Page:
Derry - Dublin 2021 air route ‘on the radar’ - CoDA managing director

The managing director of City of Derry Airport said he is hopeful the ‘critical’ Dublin route will be secured this year as promised in the New Decade, New Approach agreement.
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Steve Frazer, in an interview with the ‘Journal’, said he is planning to enter discussions on this in the coming weeks and said he also wanted to see a return of the popular Manchester and Birmingham routes post-COVID.

Mr Frazer however warned that the development of the north west’s regional airport was being hindered by factors including a lack of central government support, in contrast to regional airports in the Republic, Scotland and right across Europe where smaller regional routes are recognised as vital for local communities and economies and as such are subsidised centrally.

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He said that the NI Executive and the government in the south could now help alleviate the burden on Derry & Strabane Council ratepayers by following the example of those governments.

Steve Frazer, managing director of City of Derry Airport.Steve Frazer, managing director of City of Derry Airport.
Steve Frazer, managing director of City of Derry Airport.

Mr Frazer’s assertions that the airport is vital have been bolstered by a recent report examining the economic value of City of Derry Airport (CoDA). The report revealed that while the Eglinton facility cost £2.5m to run in 2019, it returned over 10 times that, £26m, to the local economy. Mr Frazer said: “In CoDA in particular we are effectively NI’s only regional airport and we do serve both areas, north and south, but we don’t benefit from any of the benefits the southern airports get.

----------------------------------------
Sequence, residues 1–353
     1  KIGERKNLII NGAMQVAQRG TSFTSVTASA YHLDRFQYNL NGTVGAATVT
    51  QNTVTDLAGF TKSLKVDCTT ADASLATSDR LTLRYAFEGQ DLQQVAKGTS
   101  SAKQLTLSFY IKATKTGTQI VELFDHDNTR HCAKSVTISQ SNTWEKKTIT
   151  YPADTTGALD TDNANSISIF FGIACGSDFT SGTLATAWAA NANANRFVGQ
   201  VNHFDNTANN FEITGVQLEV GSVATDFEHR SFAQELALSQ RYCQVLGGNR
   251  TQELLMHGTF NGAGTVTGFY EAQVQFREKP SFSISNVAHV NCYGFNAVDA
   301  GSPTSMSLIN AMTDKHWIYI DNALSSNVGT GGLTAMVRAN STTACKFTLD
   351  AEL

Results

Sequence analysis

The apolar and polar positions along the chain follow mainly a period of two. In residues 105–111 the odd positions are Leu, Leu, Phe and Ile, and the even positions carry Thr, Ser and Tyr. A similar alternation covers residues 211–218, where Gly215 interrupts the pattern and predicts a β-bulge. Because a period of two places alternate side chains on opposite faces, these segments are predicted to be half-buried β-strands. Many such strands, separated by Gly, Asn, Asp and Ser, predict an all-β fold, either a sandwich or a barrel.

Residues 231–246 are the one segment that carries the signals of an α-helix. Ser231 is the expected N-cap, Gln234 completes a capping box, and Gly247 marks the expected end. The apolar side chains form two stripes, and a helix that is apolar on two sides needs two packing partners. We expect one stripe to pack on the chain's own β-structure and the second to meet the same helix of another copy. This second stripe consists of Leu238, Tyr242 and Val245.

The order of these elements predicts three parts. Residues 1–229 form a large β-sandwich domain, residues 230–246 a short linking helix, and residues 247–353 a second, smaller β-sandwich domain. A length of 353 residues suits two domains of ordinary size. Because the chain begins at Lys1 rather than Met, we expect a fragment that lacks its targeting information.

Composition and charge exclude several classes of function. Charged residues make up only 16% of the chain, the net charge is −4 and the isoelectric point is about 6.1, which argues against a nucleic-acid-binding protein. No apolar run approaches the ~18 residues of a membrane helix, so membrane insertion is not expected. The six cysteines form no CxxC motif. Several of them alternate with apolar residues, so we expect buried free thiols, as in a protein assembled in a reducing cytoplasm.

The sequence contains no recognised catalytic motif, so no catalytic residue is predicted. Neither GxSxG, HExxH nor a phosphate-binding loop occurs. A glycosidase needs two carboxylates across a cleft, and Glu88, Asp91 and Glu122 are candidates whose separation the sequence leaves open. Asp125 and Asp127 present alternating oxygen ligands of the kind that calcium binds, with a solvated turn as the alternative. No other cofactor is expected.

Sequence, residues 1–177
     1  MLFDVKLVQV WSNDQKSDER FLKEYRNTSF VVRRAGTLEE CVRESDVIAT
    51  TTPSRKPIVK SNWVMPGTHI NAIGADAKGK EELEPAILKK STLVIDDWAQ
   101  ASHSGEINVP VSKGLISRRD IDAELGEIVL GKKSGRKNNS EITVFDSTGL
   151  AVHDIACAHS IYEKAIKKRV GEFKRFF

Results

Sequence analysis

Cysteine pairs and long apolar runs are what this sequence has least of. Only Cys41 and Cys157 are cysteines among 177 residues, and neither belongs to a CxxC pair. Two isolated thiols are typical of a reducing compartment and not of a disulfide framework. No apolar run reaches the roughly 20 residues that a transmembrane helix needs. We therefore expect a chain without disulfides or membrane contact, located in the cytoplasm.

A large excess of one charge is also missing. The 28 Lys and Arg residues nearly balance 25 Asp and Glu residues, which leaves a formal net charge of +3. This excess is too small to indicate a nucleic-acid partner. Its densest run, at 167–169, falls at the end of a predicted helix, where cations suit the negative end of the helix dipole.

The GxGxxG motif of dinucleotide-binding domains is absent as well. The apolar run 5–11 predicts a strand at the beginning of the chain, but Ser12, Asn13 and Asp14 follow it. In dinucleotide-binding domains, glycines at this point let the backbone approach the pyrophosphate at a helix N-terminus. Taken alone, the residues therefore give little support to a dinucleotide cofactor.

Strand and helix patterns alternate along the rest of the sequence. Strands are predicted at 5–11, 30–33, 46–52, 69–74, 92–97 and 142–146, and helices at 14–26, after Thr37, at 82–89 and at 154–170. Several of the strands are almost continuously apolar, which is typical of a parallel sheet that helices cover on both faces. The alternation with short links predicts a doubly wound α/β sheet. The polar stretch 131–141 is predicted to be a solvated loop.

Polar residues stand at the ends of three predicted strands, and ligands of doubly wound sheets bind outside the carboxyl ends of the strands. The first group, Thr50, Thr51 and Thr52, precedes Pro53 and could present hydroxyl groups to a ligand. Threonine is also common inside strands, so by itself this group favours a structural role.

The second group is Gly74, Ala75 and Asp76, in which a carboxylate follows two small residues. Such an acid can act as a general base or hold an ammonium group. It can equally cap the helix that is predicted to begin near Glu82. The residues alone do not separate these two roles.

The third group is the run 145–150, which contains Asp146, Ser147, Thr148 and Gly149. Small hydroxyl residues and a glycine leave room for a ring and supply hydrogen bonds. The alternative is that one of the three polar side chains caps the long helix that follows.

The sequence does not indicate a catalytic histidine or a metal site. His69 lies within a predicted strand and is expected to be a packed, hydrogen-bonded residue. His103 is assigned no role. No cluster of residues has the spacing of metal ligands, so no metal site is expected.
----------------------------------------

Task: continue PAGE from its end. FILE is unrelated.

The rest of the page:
“They are an excellent government when it comes to the funding of the airports, they have a Regional Airports Programme which recognises that airports do not make money if they are under one million passengers, just like CODA, so they need some help to fund them for safety, security costs, capital expenditure.

“We don’t benefit from that. And all airports down south are Air Passenger Duty (APD) free, but the British government puts APD on every flight in the UK, and that’s a huge thing for a low cost operator as it adds £26 to a return ticket.”

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Looking towards the year ahead, despite the pandemic continuing to wreak havoc, Mr. Frazer remains optimistic, and wants to get the Dublin route agreed as soon possible.

“The people of the North West deserve good connectivity and better connectivity, it’s fair to say, than the airport has provided them in the last few years, but we have to look towards the effects of APD,” he said.

“We are looking forward to getting that Dublin route, and I’d dearly love to get someone onboard for Manchester and Birmingham as well. There is an extraordinary amount of people from the north west travelling to Manchester and having to use other airports. For CODA, we have to be realistic but it’s certainly not beyond the possible to say Dublin, Manchester and Birmingham are on the radar.”

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